Friday, 18 June 2010

PRS event in London

I went to a PRS Soundcheck event last night in London. These are events for new members of PRS designed to give a quick intro the PRS and how it works and importantly what PRS members should expect and also what PRS asks of them.

Firstly PRS. Is it worth joining? Well in the old days it was at least £100 I think to join and so bottom line unless you were certain that you'd get airplay, big paid gigs etc. it wasn't worth it. Now it is only £10 to join and that is taken out of your first distribution. So as they say "What have you got to lose?" I was alerted to it by another blogger - the power of the internet...

So you sign up then what? Well you need to register all your songs. This is not that onerous but is the critical bit - the PRS can only distribute what they know about they aren't mind readers clearly. So get all your work listed. Do it regularly and ensure it is up to date. If you co-write you can say so but the other person will only get their money if they are a PRS member - not advised on the night is one person signing up and distributing to others themselves. No doubt they've seen too many cases like that end in court :-)

How do you get paid? Well the PRS distributed quarterly and the presentation explained the timings of all that.

What do I get paid? As they say... it all depends. There are different rates on the type of radio or TV broadcast and the size and earning potential of the venue. However remember where ever and when ever your material is used you have a right to the fees payable for the use of your material. Even a YouTube hit generates soem money. The pub you play in - yes they pay for a licence from PRS every year, if you submit your gig list you can get some of that money distributed to you. So why not?

The guy talking in my breakout group (Stuart Belsham) clearly really knew his stuff. It was a very worth while time spent in my opinion - although I did happen to already be in London for the day if you had to travel a huge distance for 2 hours when you can get a lot of the info off the website maybe not.

One other nugget
- if you are releasing your stuff under your own label it's probably not becoming a member of the MCPS - which is the mechanical rights bit... i.e. the royalty you are due if your material is sold on a CD etc. Why? Because you end up paying a cut to them to simply pay yourself.

My advice is that if you are making your own material and playing it, streaming it or planning your own CD release and trying to it heard on radio etc. then join and start using the service and ask the team there questions.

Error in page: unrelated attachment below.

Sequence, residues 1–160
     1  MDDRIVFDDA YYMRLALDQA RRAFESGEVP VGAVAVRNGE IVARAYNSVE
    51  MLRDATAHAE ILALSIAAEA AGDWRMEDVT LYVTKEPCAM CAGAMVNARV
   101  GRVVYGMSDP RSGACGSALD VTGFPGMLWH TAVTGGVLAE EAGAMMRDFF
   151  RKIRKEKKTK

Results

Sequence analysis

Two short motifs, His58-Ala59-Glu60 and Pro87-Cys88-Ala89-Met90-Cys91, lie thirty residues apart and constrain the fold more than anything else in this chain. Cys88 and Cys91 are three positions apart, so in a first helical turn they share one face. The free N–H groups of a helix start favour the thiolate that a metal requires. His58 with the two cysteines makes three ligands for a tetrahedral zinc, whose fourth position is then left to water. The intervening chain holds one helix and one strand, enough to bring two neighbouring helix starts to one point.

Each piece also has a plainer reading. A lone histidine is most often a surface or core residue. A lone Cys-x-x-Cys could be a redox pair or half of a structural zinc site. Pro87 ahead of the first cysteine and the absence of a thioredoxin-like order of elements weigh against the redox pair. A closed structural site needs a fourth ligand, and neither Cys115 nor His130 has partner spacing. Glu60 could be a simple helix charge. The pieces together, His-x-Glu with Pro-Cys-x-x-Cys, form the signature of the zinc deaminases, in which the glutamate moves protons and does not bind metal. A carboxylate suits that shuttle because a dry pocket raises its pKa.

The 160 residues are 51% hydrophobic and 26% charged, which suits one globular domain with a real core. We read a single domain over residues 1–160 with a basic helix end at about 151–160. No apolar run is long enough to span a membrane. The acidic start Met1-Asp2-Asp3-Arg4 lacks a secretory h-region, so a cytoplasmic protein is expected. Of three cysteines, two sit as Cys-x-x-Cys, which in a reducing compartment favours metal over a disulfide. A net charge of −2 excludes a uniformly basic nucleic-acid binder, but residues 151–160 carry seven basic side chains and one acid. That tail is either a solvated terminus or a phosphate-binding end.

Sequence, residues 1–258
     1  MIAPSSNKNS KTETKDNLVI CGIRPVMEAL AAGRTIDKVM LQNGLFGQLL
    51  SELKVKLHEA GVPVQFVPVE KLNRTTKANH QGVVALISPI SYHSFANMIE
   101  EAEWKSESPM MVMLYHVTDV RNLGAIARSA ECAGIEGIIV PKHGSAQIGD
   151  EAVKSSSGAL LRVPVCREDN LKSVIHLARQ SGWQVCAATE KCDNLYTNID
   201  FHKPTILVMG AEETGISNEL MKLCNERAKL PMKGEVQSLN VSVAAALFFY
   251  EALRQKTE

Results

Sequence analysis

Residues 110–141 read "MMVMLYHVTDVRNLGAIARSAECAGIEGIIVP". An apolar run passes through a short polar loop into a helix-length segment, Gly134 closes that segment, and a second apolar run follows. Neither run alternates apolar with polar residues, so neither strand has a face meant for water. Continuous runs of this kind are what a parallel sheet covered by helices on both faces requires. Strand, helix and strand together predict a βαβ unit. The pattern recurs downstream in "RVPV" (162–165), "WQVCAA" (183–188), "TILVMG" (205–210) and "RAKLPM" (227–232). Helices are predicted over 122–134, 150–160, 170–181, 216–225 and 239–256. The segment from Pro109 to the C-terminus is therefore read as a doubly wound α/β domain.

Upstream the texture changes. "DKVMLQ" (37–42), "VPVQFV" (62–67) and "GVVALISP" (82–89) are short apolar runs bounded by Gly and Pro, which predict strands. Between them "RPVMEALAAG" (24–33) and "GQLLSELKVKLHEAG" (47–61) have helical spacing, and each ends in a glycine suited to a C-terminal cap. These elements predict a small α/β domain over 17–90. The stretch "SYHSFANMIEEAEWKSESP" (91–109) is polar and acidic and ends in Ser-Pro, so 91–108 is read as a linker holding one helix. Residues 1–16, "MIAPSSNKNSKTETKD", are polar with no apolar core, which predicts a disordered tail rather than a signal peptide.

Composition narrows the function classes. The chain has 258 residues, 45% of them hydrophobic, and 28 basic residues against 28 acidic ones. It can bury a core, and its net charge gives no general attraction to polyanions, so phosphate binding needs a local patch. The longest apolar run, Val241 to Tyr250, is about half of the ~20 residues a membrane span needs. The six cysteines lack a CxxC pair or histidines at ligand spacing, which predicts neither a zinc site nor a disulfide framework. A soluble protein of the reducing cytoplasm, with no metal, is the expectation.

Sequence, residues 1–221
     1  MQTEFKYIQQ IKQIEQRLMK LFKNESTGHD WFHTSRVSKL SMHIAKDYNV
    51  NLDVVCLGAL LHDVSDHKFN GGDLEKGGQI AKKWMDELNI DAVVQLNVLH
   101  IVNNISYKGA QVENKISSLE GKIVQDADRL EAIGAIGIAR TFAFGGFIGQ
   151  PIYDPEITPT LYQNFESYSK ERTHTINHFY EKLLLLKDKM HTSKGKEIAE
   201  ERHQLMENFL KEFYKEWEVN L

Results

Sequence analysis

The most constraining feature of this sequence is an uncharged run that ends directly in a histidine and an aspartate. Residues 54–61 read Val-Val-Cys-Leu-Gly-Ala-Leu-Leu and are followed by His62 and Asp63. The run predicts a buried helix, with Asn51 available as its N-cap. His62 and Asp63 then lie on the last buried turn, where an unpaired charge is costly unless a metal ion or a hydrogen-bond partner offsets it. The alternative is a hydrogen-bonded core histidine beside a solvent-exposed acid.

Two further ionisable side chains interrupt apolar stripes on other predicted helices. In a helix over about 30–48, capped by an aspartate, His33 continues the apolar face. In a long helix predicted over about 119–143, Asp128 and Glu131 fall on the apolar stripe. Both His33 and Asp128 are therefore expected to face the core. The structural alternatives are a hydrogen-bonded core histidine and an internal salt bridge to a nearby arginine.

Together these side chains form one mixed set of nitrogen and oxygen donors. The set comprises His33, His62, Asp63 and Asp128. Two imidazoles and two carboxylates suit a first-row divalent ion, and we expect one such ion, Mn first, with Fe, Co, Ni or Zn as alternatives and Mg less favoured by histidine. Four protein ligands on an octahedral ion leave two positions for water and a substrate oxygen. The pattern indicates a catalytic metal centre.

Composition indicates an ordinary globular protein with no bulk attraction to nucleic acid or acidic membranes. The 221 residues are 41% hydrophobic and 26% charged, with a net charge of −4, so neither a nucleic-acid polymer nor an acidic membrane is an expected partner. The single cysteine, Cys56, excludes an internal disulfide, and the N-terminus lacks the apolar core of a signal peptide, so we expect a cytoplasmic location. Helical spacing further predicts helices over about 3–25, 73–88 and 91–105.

1. Have you checked Amazing Radio. A DAB station built around a rolling playlist of new-to-you-music from unsigned unknowns.

    Acts and artists submit their music as MP3s, which are listed on the website.

    Tracks generating enough feedback, comment or interest, get promoted to the station's playlist.

    So in theory, the Möbius style system of self pollination and cross promotion - the bands plug the station, the station plays the bands - makes everyone a winner. And tying things up with a bow - 'ethical downloads' all tracks can be downloaded via the website, with the artists receiving 70% of the download price.

  2. Hey Guitar friend, it's been a little while and I hope your good. Sounds like it. I need a little help if you don't mind, Please give me your thoughts on a Hagstrum guitar. It's called the viking. I haven't had one of those in my hands since 61...
    Yeah I'm older than white poo...
    My guitar is rather sick..

  3. Hagstrom Viking - is that the one like a Gibson ES 335? If it's a Swedish one (i.e. not recent) then it'll be good. A friend had a Swede once (Les Paul like) and that was an excellent guitar. Not sure though if I am thinking the right on the Viking I'm thinking of was 70s I think, got a feeling Elvis wielded one of those in a TV comeback gig - the one where he was in all black leather.

  4. Furtheron

    Your right the old ones were a hoot
    My time line may be off but I think they stopped making them in the late 60s...A few years went by and they were bought out. Now I think there made in Korea or Japan. Supposed to be the same specs. Well anyway The only way I could have bought one was to send away for it. I'm not to found of doing that. So my wife and me went shopping. I found a Gretsch electomatic. I love the bugger. That 68 Elvis special featured a Gretsch.